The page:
OCEAN CITY – Part of the town’s long-term strategy seems to involve the acquisition of the land once home to the 65th Street Slide N’ Ride, but the owners of the property have some plans of their own for the site and have told the town they have no intentions of selling.
On Monday, the City Council moved forward in a 6-1 vote, with Margaret Pillas in opposition, with an ordinance that would allow the town to try to purchase the property through eminent domain proceedings and pay fair market value as determined by a jury to the Laws family, owner of Rick’s Market on 64th Street and old Slide N’ Ride property.
However, it appears that the owners of the property don’t have any plans to relinquish their land, as family spokesperson Rick Laws told The Dispatch that the family is in the process of developing the property into a national hotel franchise that would boast over 100 rooms.
“I don’t understand why they are so interested in our property, especially when there is actually a larger property a few streets away that would probably work better for what it is they are trying to do,” said Laws. “We are in talks with three major chains and we were zoned for 166 rooms, but have plans in place for what will more than likely be about 104 rooms.”
Laws said a four-acre lot that is for sale on 67th Street makes more sense for the town to pursue, rather than going through what could be a lengthy and perhaps ugly court proceeding.
Mayor Rick Meehan, on the other hand, said that the town’s needs are better suited with the Laws property rather than the 67th Street one.
“We have looked at it, and it doesn’t meet the same test, and we’ve looked at all viable options,” said Meehan, “but at some point, we may need to grow our wastewater facility and if we want to continue our current level of service in the future, we thought it would be prudent to acquire this contiguous location to our current facility on 65th street.”
The Laws property abuts the Public Works facility on 65th Street and neighbors the currently maxed-out wastewater facility.
“The wastewater plant has plenty of capacity to run what we have in the city today,” said Council President Joe Mitrecic, “but, if that were to change, the wastewater plant would have to grow, and this would help. There are many ideas about what to do with the land and the ordinance lists all of those.”
In addition to an expansion to the wastewater facility, the ordinance also alludes to “potential public boat launching, transportation fleet parking, other support operations for the Public Works Department and parking for public safety and other city employees.”
Meehan said that in his 20-plus years in town government, he’s only been involved in two other cases like this, both of which he says the town won and have been “a significant benefit for the town.”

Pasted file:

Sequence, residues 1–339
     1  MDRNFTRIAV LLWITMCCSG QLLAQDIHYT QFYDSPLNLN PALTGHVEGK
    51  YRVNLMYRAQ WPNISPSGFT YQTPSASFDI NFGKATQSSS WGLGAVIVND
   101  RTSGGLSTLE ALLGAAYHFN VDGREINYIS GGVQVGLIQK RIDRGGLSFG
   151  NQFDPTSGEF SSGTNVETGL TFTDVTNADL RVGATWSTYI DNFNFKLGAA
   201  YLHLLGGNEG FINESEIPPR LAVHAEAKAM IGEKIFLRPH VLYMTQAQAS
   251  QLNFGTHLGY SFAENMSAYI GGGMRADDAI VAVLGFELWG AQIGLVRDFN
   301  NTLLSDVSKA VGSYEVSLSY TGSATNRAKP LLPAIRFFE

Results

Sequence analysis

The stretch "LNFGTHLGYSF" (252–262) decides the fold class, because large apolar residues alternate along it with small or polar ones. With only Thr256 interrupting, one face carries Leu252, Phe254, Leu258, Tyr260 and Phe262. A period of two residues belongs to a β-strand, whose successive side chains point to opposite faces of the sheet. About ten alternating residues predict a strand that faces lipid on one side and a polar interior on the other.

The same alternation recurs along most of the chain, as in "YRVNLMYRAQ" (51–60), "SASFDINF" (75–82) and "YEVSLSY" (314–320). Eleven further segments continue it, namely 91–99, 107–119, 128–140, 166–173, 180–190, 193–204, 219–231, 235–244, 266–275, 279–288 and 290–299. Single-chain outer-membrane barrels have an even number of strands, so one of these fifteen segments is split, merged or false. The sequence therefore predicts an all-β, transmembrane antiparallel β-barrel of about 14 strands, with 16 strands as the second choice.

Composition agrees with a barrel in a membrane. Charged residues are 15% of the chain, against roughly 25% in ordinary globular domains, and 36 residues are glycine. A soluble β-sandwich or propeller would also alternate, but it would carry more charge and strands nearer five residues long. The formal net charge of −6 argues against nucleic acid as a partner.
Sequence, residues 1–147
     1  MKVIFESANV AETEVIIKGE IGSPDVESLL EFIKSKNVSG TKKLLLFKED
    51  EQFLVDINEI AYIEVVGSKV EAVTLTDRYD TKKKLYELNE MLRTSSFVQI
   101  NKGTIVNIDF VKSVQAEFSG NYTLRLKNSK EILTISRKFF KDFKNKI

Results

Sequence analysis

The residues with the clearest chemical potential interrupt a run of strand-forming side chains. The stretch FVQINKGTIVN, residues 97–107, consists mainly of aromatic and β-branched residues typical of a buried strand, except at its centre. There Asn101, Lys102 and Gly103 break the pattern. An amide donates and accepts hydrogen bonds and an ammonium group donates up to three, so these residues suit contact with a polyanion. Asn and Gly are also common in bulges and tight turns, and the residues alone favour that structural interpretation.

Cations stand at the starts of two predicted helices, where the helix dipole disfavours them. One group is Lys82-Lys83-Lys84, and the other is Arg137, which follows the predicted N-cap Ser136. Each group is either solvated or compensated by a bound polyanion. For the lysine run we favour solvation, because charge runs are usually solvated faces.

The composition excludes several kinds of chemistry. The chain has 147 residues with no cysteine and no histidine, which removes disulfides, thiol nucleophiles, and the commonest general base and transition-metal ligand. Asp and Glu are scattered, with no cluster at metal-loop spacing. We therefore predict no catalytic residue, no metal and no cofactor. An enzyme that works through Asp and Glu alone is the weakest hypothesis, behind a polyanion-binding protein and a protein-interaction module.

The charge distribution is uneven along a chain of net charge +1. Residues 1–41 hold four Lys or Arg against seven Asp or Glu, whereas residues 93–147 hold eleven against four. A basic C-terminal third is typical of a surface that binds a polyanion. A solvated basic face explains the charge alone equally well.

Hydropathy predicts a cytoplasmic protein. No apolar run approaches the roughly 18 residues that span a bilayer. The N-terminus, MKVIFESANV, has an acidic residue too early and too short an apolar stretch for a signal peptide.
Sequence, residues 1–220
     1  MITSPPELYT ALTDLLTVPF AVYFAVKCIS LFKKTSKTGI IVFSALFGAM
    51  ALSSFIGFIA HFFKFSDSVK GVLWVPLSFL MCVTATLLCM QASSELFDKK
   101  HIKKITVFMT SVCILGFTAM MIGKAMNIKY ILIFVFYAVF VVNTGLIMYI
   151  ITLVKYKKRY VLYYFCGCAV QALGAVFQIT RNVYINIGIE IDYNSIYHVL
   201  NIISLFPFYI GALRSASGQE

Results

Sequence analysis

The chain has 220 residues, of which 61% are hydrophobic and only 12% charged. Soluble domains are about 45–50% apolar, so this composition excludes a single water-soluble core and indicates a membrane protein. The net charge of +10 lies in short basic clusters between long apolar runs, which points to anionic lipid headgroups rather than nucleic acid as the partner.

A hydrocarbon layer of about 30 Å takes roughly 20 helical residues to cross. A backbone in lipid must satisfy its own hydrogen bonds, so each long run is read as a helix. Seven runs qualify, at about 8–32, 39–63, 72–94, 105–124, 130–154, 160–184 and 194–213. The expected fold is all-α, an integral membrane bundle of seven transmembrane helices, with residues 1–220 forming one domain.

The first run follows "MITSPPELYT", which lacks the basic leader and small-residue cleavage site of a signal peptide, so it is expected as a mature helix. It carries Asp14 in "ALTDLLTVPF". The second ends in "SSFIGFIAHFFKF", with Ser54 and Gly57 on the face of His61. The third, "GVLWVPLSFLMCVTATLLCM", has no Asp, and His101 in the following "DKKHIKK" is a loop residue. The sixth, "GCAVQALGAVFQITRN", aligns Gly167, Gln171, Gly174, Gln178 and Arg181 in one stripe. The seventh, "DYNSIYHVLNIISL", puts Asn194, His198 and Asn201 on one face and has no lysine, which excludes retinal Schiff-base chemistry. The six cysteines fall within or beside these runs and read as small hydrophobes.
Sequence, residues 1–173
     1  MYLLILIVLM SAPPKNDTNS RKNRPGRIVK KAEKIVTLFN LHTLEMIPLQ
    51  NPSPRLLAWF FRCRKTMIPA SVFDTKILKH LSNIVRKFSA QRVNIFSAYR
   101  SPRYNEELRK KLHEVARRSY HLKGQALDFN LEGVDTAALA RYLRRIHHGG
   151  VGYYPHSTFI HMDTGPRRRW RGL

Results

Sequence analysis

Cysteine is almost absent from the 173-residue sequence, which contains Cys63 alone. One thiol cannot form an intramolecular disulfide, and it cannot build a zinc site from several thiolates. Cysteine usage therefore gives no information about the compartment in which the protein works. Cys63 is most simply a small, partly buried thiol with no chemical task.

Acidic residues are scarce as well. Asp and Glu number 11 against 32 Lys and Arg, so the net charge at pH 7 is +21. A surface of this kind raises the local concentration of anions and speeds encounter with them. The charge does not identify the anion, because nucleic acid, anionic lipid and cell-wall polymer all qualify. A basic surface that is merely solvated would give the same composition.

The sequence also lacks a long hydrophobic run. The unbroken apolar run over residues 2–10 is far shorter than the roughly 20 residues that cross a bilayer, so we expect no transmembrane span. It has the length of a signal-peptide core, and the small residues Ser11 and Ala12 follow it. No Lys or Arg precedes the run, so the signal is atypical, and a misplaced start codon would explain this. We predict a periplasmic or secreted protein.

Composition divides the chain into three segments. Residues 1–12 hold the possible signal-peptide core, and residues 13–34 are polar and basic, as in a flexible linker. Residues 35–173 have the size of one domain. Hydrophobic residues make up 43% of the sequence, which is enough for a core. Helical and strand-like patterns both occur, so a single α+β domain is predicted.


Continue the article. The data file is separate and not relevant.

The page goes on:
City Solicitor Guy Ayres said that the town, like any good business, is simply thinking ahead about what it needs for the future.
“Municipalities can and have acquired land in the past, certainly with just compensation to the land owner, if that land is needed for public service,” said Ayres. “The town has to consider if trying to acquire this property is worth it right now in the current market.”
Sources say that the Laws family attorney, Thomas C. Beach III of Baltimore, penned a letter to Ayres and town officials advising them that his clients, “have no interest in selling the property to the Mayor and City Council of Ocean City or discussing an amicable sale of the property.”
Beach’s letter also dispelled previous reports that the property is vacant, noting that plans were “enthusiastically approved” and a franchise agreement with a national hotel franchise was in the works, and warned the council of the “expense that it would incur” should it decide to take the matter to court.
In phone interview on Thursday, Beach said that his clients were not planning on simply cowering to the city’s wishes.
“They aren’t just going to roll over and play dead,” said Beach. “We are going to take this to the full run of the law if we have to. I’ve been doing cases like this since 1974, and they are all unique in their own way, and this one is very unique.”
A jury will decide “fair market value” for the property if an out-of-court agreement is not made by the Laws family and the town of Ocean City.
Meehan noted that the last time he had spoken with Laws, his plans were to use the site to build a four-story student housing facility.
Laws said he changed his plans due to the drastic drop in the demand for student housing this summer, due to the economy, and foreign students leaving town due to not being able to find enough work.
“I had heard something about a hotel, but if that’s the case, maybe this is the right time to have the conversation with Rick [Laws] again,” said Meehan. “Our goal is to negotiate a fair deal for everyone.”
Laws also wondered if the fact that his plans to put a hotel on the site would perhaps alter the town’s plans to seize the property, bringing up the almighty dollar argument.
“Why would they want to seize the property when we are going to put a hotel there, which would bring in tax revenue for the town?” queried Laws.